Public Private Partnerships are one of the tools which contribute to a country’s development by removing the barriers imposed by the lack of public financial capacities and the risks associated with private financing. Dividing the risks between authorities and private investors allows Smart City projects to be implemented quicker, bringing countries closer to solving problems of waste management, air pollution, deteriorating infrastructure, traffic congestion and human health.
Even if PPPs represent a stable form of financing for Smart City projects by being regulated by authorities, they tend to lose ground as more focused instruments of financing emerge on the market. Mini-bonds, venture philanthropy and crowdfunding have emerged from the need to lower the risk of typical local public finance and the need for flexibility of private finance, at the same time bringing citizens into the investment process and giving them the chance to be actively involved in decision-making.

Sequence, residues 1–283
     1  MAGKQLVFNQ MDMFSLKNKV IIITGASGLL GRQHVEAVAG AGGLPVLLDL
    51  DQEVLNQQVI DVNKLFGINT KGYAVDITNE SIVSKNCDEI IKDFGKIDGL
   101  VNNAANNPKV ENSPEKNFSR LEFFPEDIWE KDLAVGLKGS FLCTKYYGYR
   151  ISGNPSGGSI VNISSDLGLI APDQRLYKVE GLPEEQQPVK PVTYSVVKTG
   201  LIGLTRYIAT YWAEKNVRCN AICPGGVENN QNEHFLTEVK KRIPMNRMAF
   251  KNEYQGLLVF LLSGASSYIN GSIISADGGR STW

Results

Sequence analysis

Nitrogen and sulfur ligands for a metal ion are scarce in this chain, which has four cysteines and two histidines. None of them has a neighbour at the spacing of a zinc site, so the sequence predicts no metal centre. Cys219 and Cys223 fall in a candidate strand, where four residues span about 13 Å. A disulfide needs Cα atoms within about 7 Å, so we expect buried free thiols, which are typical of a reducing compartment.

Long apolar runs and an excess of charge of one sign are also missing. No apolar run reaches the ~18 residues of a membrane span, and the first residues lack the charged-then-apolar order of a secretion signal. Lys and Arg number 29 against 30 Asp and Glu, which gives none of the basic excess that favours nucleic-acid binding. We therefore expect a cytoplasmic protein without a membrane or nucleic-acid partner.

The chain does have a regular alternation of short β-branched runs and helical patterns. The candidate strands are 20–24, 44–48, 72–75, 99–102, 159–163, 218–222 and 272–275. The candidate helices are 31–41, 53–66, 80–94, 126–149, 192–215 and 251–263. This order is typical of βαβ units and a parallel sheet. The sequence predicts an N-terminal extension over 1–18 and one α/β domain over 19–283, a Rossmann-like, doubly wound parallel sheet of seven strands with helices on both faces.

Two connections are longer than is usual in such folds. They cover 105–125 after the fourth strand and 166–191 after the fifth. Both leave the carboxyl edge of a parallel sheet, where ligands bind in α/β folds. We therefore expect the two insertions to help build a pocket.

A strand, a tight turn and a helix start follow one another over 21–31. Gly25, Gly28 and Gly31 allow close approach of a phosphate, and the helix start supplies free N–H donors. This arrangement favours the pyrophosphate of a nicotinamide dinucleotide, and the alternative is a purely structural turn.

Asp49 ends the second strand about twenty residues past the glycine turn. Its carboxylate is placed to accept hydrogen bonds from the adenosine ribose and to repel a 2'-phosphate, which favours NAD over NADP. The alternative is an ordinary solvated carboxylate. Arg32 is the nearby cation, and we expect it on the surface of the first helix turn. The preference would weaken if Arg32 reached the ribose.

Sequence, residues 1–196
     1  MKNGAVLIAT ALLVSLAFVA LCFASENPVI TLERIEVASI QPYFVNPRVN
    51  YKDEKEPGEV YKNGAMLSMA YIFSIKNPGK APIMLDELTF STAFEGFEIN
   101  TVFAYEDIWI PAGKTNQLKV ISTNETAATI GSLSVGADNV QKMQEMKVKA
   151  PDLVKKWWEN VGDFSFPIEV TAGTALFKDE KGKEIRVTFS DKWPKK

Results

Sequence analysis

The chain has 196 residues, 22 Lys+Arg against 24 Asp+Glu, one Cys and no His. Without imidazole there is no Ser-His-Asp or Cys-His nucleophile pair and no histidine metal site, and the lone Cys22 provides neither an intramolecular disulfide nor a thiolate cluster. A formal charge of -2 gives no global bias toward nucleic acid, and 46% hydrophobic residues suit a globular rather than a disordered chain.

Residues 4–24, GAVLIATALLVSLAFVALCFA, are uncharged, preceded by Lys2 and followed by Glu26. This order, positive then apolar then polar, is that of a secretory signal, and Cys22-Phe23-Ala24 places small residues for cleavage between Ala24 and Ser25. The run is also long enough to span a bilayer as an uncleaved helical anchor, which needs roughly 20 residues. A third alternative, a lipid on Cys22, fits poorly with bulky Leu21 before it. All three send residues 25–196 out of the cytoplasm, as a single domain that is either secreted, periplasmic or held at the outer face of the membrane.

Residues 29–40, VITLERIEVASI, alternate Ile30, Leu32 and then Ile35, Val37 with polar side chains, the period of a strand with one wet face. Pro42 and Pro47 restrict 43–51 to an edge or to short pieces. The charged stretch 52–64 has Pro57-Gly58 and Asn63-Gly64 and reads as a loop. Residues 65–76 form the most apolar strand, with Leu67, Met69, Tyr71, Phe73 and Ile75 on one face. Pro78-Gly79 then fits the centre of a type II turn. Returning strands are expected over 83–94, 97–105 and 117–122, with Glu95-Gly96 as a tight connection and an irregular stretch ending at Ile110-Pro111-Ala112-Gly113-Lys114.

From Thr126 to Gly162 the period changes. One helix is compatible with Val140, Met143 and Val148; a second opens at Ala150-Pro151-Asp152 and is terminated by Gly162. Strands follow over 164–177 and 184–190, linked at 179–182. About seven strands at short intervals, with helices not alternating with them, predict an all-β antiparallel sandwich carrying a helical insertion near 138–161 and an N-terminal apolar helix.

Societies change as do people’s behaviour along with it. It becomes crucial to adapt all aspects of civic life to these changes in behaviour and attitude. But the question remains, how can it be done? One thing is clear, technology and connectivity are slowly, but surely changing authorities top-down decision-making approach by allowing them to state their opinion, give feedback and bring forth solutions to their day-to-day problems. Online platforms, forums and interactive maps are good solutions for citizen engagement and now the Internet of Things along with smartphones provide an even greater opportunity for authority-citizen interaction.
Having a mixture of funding solutions and a well-planned citizen engagement strategy can lead to the much desired Smart City of the future.
Ahead of Nordic Smart Cities – The City 2.0 we conducted an exclusive speaker interview with Renato de Castro, Senior VP Smart Cities, Commercial Real Estate Financing, Inc. about smart city strategy and citizen engagement.